Ecosystems are not as efficient in counteracting the effects of global warming as once believed, according to a study released in this week’s edition of Nature.
The study, “Increased Soil Emissions Of Potent Greenhouse Gases Under Increased Atmospheric Carbon Dioxide,” details how the research team found the opposite is occurring in several regions in the world—higher levels of carbon dioxide in the atmosphere triggers soil to release methane and nitrous oxide, two potent greenhouse gases.
“This feedback to our changing atmosphere means that nature is not as efficient in slowing global warming as we previously thought,” said Kees Jan van Groenigen, lead author of the study and visiting research fellow at Northern Arizona University.
Van Groenigen, along with co-authors Bruce Hungate, professor of biological sciences at Northern Arizona University, and Craig Osenberg, professor of ecology at the University of Florida, analyzed all published research to date from 49 different experiments conducted in forests, grasslands, wetlands, and agricultural fields, including rice paddies, in North America, Europe and Asia.
The researchers measured how extra carbon dioxide in the atmosphere affects how soils take up or release methane and nitrous oxide.
The research team used a statistical technique called meta-analysis, or quantitative data synthesis, a powerful tool for finding general patterns in a sea of conflicting results.
“Until now, there was no consensus on this topic because results varied from one study to the next,” Osenberg said. “Two strong patterns emerged when we analyzed all the data—more carbon dioxide boosted soil emissions of nitrous oxide in all the ecosystems, and in rice paddies and wetlands, extra carbon dioxide caused soils to release more methane.”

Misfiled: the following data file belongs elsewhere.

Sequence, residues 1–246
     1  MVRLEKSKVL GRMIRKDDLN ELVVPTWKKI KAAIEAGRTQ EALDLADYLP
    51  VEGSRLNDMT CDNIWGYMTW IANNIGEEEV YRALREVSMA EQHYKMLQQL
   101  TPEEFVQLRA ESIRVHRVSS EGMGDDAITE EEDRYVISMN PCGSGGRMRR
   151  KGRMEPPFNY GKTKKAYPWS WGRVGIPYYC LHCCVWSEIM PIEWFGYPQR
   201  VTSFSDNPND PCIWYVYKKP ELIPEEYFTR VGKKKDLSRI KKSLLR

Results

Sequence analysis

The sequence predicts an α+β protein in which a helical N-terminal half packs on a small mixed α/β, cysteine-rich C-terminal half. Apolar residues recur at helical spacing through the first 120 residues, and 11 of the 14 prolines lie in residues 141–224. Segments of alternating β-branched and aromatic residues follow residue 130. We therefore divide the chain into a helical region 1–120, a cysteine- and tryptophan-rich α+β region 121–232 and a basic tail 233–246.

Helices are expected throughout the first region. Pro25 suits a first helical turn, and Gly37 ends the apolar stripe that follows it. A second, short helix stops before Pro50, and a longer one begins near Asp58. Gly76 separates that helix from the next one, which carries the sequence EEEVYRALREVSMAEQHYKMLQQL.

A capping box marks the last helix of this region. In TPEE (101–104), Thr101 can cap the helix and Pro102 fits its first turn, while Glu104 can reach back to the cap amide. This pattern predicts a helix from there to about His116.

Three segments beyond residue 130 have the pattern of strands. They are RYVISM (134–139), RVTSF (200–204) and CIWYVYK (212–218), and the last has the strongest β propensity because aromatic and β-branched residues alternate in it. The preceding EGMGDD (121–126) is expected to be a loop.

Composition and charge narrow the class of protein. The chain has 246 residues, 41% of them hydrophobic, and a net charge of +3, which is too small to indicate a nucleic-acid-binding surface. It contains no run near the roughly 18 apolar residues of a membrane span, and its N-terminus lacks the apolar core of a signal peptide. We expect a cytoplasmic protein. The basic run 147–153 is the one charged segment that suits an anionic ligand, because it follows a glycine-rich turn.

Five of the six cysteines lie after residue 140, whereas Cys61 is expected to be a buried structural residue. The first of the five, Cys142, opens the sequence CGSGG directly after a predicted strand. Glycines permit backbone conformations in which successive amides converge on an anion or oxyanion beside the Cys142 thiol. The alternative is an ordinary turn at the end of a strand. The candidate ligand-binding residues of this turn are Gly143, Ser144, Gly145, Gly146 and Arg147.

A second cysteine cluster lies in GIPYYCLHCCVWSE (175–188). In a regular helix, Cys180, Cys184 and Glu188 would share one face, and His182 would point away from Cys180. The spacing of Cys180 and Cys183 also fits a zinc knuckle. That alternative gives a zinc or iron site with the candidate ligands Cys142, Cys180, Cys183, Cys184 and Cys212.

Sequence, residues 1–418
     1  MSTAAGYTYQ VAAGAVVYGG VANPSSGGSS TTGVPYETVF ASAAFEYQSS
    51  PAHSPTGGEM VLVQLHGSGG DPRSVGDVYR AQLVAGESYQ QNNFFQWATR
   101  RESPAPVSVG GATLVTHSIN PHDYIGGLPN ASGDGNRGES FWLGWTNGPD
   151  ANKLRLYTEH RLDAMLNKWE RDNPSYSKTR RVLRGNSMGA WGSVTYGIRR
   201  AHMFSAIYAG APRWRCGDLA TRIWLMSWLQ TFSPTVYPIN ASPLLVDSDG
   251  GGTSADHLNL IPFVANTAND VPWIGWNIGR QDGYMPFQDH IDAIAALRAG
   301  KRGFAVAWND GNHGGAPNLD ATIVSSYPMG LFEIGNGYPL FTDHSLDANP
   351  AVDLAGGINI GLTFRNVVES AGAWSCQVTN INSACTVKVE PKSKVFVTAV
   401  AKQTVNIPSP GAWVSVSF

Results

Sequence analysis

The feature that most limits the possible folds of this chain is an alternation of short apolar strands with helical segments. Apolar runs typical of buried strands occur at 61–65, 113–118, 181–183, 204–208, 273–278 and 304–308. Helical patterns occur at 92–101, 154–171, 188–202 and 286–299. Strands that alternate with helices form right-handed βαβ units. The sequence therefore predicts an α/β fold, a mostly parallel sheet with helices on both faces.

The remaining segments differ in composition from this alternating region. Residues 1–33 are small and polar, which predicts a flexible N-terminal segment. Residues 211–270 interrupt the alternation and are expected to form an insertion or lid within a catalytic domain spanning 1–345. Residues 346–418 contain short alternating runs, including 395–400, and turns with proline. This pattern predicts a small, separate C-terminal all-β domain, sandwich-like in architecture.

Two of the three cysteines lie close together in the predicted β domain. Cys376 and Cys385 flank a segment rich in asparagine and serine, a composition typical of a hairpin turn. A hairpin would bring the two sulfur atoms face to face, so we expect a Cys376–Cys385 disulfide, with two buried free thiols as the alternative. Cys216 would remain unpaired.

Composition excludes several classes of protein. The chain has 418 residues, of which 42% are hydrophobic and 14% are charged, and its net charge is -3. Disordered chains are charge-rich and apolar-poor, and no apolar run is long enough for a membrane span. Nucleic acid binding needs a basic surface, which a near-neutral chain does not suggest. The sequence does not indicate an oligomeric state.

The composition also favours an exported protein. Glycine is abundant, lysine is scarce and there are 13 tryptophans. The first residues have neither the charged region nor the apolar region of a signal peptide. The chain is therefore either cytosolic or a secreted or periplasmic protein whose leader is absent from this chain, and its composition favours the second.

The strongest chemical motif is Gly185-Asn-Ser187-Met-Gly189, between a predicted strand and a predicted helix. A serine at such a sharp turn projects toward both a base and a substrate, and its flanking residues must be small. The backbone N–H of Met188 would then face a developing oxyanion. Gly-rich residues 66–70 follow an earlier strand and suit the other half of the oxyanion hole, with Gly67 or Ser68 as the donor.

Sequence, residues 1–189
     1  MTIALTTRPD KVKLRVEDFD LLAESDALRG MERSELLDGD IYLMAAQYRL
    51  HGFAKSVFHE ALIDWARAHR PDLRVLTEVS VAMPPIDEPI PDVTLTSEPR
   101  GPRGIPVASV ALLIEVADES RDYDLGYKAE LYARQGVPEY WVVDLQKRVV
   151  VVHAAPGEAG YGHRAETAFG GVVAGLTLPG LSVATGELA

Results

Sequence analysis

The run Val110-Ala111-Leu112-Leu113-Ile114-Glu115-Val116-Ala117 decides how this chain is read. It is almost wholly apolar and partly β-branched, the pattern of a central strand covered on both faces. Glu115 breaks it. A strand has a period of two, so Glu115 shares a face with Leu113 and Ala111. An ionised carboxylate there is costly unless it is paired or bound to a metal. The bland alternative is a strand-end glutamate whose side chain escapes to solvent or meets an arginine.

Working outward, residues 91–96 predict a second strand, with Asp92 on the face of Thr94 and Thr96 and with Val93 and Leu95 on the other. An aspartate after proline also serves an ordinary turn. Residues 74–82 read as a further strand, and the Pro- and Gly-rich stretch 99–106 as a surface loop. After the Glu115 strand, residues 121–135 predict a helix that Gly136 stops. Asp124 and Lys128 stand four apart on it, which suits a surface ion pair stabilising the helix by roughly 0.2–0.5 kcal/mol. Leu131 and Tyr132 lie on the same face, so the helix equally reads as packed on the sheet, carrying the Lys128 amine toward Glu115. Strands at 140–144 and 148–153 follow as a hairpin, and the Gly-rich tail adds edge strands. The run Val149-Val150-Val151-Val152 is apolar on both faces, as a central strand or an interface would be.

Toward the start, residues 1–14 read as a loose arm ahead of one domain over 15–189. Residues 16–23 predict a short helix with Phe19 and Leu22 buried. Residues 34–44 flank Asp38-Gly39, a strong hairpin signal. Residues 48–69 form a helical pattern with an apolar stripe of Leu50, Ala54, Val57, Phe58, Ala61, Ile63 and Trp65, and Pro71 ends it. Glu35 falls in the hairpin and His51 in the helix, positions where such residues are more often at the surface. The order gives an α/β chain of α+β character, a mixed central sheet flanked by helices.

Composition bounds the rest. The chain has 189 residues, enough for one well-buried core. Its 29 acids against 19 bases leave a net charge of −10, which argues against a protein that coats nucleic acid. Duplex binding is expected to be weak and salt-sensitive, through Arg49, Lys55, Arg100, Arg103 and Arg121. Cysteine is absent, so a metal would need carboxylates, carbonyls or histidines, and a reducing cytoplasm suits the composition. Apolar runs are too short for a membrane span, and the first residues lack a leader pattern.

The analysis pointed to wetlands and rice fields as two major sources of methane emissions in the atmosphere.
The culprits responsible for the greenhouse gas emissions are specialized microscopic organisms in soil that respire the chemicals nitrate and carbon dioxide like humans respire oxygen. The microbes also produce methane, a greenhouse gas 25 times more powerful than carbon dioxide, and nitrous oxide, 300 times more potent than carbon dioxide. Their oxygen-free habit is one of the reasons these microorganisms flourish when atmospheric carbon dioxide concentrations increase.
“The higher concentrations of carbon dioxide reduce plant water use, making soils wetter and reducing the availability of oxygen in soil, which provides favorable conditions for these microorganisms,” van Groenigen said.
The other reason these microorganisms become more active is that increasing carbon dioxide makes plants grow faster, and the extra plant growth supplies soil microorganisms with extra energy, pumping up their metabolism. This extra plant growth is one of the main ways ecosystems could slow climate change: with more carbon dioxide, plants grow more, soaking up carbon dioxide through photosynthesis, and, the hope is, locking away carbon in wood and soil.
But this new work shows at least some extra carbon also provides fuel to microorganisms whose byproducts end up in the atmosphere and counteract the cooling effects of more plant growth.
“It’s an ecological point and counterpoint—the more the plants soak up carbon dioxide, the more microbes release these more potent greenhouse gases,” Hungate said. “The microbial counterpoint is only partial, reducing the cooling effect of plants by about 20 percent.”
It’s an ecological surprise too, and one that climate models will need to reckon with as they further refine pictures of the climate of the future.
“By overlooking the key role of these two greenhouse gases, previous studies may have overestimated the potential of ecosystems to mitigate the greenhouse effect,” van Groenigen said.